In today’s recruiting climate, “The Great Resignation” is a phrase that every recruiter has heard a million times. Coined at the peak of the pandemic, the phrase refers to the high levels of workers that left their jobs with no plans of coming back. With “The Great Resignation” and the competition for labor came a new phenomenon. It’s called “The Great Reneging” and employers are rushing to prevent it.
Here are 5 common reasons candidates renege on job offers.
Reason #1: Better Offer
A better offer can mean a million things, but when it comes to reneging, it typically translates to “better pay.” Gen Z is an ambitious generation. They’re not willing to settle for salaries that won’t allow them to live comfortably.
This generation is not about living paycheck to paycheck. In fact, recent reports show that out of all the generations, Gen Zers seek the highest salaries to feel financially secure. The average American 18-25 looks for an annual salary that surpasses $100K.
Reason #2: Another Position Better Aligns with Their Long-Term Goals
For Gen Z to maintain their vibrant approach and passion for their roles, they need to make sure they’re accepting positions that fit their long-term career goals. Gen Z places a lot of value on professional advancement. Recent reports show that 54% of Gen Z cite “opportunity for career growth” as a top career priority.
While they might initially accept an offer for a position that is not related to their field of study in college, they’ll ultimately leave to pursue a career that piques their interest more. This is especially true for interns, who are testing things out and trying to find the best way to reach their professional goals.
Reason #3: Lack of Work/Life Balance
Most Gen Zers agree that even if they find their ideal job, they’ll renege on the offer if they feel they won’t be able to have a life outside the office. Remember, Gen Z is a generation that’s trying to change the norms and create a new normal in the workforce. Having gotten a front-row seat to previous generations’ burnout culture and time poverty, Gen Z wants to emphasize the importance of creating a balance between life and work. If they don’t feel they’re walking into a flexible work environment, you can almost guarantee they’ll renege.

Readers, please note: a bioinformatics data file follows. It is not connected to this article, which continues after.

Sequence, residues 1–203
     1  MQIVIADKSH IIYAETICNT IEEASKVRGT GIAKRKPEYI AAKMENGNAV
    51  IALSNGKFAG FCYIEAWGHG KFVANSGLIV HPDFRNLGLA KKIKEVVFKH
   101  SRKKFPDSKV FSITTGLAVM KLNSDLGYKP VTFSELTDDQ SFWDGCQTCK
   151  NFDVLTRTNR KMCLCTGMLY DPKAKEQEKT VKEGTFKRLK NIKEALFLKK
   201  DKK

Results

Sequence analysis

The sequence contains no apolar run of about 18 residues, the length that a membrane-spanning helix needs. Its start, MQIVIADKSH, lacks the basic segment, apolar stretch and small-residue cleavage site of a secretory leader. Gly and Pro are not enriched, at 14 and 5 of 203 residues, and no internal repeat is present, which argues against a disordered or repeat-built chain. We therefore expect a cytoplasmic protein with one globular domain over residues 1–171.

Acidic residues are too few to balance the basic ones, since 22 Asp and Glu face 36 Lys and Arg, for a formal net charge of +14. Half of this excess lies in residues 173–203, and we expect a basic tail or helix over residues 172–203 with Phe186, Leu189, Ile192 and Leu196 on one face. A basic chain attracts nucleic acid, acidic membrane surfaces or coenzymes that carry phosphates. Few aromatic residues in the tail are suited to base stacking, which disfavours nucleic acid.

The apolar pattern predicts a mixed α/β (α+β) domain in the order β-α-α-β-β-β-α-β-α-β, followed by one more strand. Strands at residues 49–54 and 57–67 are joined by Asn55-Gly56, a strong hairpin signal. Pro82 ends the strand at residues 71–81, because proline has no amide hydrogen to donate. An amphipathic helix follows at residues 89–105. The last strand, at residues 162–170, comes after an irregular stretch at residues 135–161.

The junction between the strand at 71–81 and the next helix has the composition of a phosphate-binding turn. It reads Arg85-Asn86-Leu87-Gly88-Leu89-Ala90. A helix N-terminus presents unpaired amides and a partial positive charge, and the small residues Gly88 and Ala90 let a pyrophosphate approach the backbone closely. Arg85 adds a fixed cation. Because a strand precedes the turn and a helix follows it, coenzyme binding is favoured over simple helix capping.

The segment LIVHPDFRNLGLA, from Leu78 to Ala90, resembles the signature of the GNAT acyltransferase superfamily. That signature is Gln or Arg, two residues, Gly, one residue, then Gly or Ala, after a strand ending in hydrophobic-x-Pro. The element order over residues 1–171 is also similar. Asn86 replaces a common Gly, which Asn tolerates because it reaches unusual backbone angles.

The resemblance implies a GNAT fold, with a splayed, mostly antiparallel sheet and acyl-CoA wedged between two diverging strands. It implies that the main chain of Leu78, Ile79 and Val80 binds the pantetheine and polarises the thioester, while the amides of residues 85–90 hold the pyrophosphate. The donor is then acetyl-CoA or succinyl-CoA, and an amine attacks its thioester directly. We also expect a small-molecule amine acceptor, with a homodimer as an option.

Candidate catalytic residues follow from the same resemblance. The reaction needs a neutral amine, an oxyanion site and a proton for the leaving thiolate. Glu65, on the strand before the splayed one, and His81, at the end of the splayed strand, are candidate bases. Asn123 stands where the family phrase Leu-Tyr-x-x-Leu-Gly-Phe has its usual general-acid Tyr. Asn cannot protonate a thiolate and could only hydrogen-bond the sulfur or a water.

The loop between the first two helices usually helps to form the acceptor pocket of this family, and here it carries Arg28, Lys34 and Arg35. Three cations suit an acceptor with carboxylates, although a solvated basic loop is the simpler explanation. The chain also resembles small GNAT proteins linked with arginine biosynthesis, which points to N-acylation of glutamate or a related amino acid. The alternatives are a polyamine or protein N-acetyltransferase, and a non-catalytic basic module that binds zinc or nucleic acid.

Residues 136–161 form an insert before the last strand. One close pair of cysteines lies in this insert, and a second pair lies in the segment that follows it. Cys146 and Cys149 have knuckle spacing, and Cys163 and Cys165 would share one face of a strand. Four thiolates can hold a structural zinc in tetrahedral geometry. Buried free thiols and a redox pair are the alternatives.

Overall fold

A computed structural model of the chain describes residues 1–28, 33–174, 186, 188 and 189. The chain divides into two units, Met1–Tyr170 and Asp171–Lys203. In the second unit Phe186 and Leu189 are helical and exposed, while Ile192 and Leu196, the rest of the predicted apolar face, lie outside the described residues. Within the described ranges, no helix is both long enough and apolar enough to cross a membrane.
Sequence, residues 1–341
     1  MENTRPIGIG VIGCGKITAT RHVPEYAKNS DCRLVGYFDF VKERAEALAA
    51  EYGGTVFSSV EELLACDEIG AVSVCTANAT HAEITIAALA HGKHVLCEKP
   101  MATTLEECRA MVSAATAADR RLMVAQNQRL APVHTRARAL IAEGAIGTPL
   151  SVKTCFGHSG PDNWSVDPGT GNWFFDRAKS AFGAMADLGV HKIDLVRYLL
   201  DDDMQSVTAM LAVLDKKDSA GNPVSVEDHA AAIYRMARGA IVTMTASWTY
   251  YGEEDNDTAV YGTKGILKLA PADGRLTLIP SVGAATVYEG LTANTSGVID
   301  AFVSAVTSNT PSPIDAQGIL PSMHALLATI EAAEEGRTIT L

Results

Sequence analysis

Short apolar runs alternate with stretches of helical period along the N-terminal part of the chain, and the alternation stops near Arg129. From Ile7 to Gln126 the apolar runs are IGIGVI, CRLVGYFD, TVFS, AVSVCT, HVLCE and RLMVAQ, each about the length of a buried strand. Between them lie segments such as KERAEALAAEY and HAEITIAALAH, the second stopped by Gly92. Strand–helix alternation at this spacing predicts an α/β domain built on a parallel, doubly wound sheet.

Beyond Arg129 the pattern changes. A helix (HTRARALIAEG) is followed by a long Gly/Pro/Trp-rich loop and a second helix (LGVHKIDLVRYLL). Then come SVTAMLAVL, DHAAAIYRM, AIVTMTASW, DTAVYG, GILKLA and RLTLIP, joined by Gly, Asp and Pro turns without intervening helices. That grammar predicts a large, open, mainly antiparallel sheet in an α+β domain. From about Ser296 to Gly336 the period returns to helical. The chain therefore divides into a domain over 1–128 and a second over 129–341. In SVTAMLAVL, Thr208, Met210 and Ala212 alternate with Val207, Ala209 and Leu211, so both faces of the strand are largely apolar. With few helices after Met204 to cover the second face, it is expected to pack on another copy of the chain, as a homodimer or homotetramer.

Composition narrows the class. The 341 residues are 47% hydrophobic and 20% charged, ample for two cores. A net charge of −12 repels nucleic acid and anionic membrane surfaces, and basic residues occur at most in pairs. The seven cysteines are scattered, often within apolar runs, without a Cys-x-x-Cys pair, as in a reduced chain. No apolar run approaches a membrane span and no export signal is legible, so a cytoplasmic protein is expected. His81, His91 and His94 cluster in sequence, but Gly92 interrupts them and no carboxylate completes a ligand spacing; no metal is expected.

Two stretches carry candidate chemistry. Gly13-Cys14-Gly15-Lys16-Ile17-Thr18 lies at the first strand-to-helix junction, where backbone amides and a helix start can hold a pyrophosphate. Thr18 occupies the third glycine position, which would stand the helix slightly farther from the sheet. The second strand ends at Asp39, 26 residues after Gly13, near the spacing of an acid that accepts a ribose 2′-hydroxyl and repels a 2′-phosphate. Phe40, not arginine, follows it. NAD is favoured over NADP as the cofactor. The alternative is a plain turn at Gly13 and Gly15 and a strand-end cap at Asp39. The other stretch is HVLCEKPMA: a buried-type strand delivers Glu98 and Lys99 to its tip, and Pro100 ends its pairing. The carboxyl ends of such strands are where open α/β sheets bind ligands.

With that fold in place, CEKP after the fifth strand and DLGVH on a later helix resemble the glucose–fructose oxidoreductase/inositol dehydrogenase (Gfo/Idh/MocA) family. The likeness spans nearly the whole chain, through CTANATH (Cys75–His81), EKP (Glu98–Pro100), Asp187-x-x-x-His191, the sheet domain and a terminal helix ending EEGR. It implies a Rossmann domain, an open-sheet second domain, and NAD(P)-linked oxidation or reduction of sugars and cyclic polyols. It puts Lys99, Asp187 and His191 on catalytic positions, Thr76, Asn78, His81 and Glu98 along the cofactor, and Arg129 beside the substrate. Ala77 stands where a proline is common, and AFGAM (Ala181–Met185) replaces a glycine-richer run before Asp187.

Reason #4: Deadline to Accept Offer Is Too Quick
Nobody likes to rush through a decision, especially when it comes to their career. If you send out an offer and give the candidate a limited time to accept, candidates may accept without being fully ready to commit. In fact, chances are they’re probably still interviewing at other companies they’re more interested in. Candidates want to make sure they can weigh all their options. Rushing them through the process for the sake of your own recruiting deadlines can negatively impact the way candidates view your company and the onboarding process.
Reason #5: Too Long of a Gap Between Hiring Date and Start Date
While candidates want at least two weeks to think over their offers, when the start date is too far away, it allows candidates to shop for other options if they’re not entirely satisfied with the job offer they got. This is often an issue for internships. Recruiting season for internships is typically about eight months before the position starts. This gives candidates a gap in time in which they can easily choose another opportunity that comes along. While time frames for internships are pre-established before the recruitment process begins, companies can combat “The Great Reneging” by maintaining communication with their interns and staying in touch until the positions begin.
How to Reduce Renege Rates
Fortunately “The Great Reneging” doesn’t have the power of ruining your entire recruiting season. There are strategies and tactics you can utilize to combat renege rates and improve employee retention.
- DO Advocate for Fair Compensation Packets
For companies investing in early talent, maintaining industry benchmarks and auditing compensation packets to make sure they’re competitive is key to the success of their recruiting season. Even if your organization doesn’t have the budget for premium salaries, try to emphasize other benefits candidates should take into consideration, like healthcare options and paid time off.
- DO Regulate Timeframes for Acceptance Deadlines
It’s important to give your candidates time to decide. If your candidates rush and go through with a decision they’re unsure of, it’ll leave you with a vacancy at an inopportune time. It’s better to give them up to two weeks to weigh their options and make sure they’re choosing the right position for the right reasons.
- DO Communicate and Update Regularly
The highest percentage of reneges falls in the category of interns. It goes back to the long gap of time between offer acceptance and the start of the position. Because there are so many months in between, it’s important to communicate regularly in an effort to maintain excitement about the position. Share company newsletters, involve them in the conversation, and keep them up to date with events. Every little bit counts.
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